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Saturday, July 19, 2008

Education Reform

I complained about school pretty much nonstop while I was in it, and now that I am a teacher, I see even more that I dislike. Nonetheless, education is important and it is useless to criticize without proposing alternatives. Here are a few of my ideas:

1. Less grading

In real life, some things have to be properly almost all the time (e.g. landing an airplane) or they just need to be done well enough. Evaluating everything is not really necessary. Grading also wastes time and encourages cheating.

2. Fewer assignments

Matching, multiple choice, fill in the blank: these are objective and easy to grade but do not require much thought. A smaller number of meaningful assignments will be more instructive than a continual flood of busy work. All assignments should involve a tangible result: writing an essay, drawing a picture, building something, etc.

3. Exit test

It is completely possible to graduate from high school (in the US at least) without having learned much. You can't drive a car legally without passing a test; so a high school diploma should be issued until you can demonstrate a certain minimum set of skills. An exit test would clear out the ambitious students and give the underachievers a reason to study.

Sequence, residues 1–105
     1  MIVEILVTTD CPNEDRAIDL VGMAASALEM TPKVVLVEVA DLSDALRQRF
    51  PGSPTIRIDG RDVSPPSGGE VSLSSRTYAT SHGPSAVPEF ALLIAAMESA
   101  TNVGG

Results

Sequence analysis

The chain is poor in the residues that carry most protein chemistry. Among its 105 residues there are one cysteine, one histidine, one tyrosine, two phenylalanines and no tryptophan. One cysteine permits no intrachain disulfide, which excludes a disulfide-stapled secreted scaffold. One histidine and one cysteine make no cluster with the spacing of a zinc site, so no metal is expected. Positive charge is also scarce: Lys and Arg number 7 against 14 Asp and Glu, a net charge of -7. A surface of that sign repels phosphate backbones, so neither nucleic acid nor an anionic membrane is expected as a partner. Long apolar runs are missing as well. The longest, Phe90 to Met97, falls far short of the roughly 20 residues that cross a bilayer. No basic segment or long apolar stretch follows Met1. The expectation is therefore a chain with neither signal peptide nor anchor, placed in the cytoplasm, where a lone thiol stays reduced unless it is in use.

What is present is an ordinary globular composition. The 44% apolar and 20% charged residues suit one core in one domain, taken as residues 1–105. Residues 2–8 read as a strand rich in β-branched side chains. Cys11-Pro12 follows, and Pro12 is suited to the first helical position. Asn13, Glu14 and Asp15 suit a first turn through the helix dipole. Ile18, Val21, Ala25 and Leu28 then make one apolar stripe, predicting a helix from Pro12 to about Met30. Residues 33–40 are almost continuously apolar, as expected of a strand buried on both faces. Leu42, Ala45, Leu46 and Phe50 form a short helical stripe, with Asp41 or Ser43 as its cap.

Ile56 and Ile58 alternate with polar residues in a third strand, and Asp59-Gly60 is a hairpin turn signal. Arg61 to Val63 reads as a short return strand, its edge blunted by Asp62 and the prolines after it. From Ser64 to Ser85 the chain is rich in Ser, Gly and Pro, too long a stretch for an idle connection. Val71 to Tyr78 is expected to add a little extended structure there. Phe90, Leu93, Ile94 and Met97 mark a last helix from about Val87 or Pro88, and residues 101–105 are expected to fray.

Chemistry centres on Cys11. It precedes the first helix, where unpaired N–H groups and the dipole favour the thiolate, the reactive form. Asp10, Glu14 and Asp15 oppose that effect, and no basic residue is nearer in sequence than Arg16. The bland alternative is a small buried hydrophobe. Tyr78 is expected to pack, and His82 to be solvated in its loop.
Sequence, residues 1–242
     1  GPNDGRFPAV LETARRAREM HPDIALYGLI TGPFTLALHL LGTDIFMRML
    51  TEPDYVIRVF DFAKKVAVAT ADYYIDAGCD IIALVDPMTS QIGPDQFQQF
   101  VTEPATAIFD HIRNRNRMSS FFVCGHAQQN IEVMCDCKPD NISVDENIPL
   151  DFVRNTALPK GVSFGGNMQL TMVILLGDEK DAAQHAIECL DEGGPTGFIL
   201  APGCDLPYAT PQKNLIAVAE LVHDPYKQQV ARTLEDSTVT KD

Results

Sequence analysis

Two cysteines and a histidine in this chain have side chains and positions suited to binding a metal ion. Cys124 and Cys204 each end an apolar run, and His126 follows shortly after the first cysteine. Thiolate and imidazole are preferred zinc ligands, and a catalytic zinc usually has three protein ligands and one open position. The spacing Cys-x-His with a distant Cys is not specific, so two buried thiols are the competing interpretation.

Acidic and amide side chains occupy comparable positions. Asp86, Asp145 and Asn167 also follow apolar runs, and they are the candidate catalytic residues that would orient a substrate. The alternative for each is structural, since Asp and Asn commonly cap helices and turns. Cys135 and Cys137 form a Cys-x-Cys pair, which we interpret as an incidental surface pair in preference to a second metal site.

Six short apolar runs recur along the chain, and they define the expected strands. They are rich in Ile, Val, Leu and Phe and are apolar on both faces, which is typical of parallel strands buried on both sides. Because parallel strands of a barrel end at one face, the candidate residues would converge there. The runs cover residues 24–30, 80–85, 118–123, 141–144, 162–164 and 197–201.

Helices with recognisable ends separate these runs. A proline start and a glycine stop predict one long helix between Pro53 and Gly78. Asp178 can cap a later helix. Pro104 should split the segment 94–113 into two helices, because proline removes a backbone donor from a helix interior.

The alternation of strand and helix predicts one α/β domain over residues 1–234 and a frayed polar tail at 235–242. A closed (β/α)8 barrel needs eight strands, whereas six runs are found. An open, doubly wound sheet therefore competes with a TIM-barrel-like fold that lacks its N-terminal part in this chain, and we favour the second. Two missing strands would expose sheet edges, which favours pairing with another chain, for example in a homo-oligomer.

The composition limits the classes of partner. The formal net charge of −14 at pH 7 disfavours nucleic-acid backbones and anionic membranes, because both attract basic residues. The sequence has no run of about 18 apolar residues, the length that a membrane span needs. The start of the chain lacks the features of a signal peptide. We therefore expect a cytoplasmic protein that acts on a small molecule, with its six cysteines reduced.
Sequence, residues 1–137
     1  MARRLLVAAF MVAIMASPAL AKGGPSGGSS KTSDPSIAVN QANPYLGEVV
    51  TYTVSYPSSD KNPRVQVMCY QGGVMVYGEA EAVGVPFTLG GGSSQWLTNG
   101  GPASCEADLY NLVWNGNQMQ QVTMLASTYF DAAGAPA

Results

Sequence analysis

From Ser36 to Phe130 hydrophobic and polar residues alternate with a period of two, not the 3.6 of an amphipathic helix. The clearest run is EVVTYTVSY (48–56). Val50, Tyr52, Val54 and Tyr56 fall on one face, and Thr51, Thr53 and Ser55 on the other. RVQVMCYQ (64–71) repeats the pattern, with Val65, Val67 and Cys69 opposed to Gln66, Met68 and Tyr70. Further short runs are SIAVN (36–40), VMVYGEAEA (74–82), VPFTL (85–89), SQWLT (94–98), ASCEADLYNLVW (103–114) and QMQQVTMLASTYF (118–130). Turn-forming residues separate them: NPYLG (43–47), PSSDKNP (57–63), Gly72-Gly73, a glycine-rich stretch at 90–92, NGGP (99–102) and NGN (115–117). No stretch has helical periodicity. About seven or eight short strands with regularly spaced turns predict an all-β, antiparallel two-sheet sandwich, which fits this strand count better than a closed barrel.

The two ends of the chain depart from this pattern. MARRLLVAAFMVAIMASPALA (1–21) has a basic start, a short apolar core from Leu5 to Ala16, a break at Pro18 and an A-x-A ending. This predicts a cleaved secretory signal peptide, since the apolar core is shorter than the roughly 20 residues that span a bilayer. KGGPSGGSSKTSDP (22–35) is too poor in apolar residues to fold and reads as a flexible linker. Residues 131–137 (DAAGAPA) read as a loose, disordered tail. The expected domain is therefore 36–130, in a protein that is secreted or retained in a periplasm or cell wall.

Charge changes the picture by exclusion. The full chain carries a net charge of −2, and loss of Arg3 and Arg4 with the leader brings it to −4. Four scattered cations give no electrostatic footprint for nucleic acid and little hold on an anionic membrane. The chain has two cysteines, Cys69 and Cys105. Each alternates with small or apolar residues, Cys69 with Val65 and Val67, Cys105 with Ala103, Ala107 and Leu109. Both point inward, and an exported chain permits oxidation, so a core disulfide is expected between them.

4. More opportunities vocational training

There are jobs beside doctor, lawyer, engineer, etc. All jobs are important and can be rewarding. So why all the emphasis on academics?


I teach upper-level math at a high school in Tanzania. The students are generally hard-working and motivated, and the administration are supportive. My only real complaint is the laser-like focus on academics when about 1% of the students who begin primary school here will make it to university. The first president of Tanzania, Julius Nyerere, chose education as one of the priorities of the new independent nation he lead. In regard to reform of the existing colonial education system, he said:

"We should not determine the types of things children are taught in primary schools by the things a doctor, engineer, teacher, economist, or administator need to know. Most of our pupils will never be any of these things."

"It [education] must not be aimed at university entrance."

And yet the current education system is largely geared toward university entrance. I would interested in finding out how much control donor agencies like the World Bank have in the content and structure of Tanzania's education system. I will try to teach math as best I can and encourage my students to pursue their ambitions.

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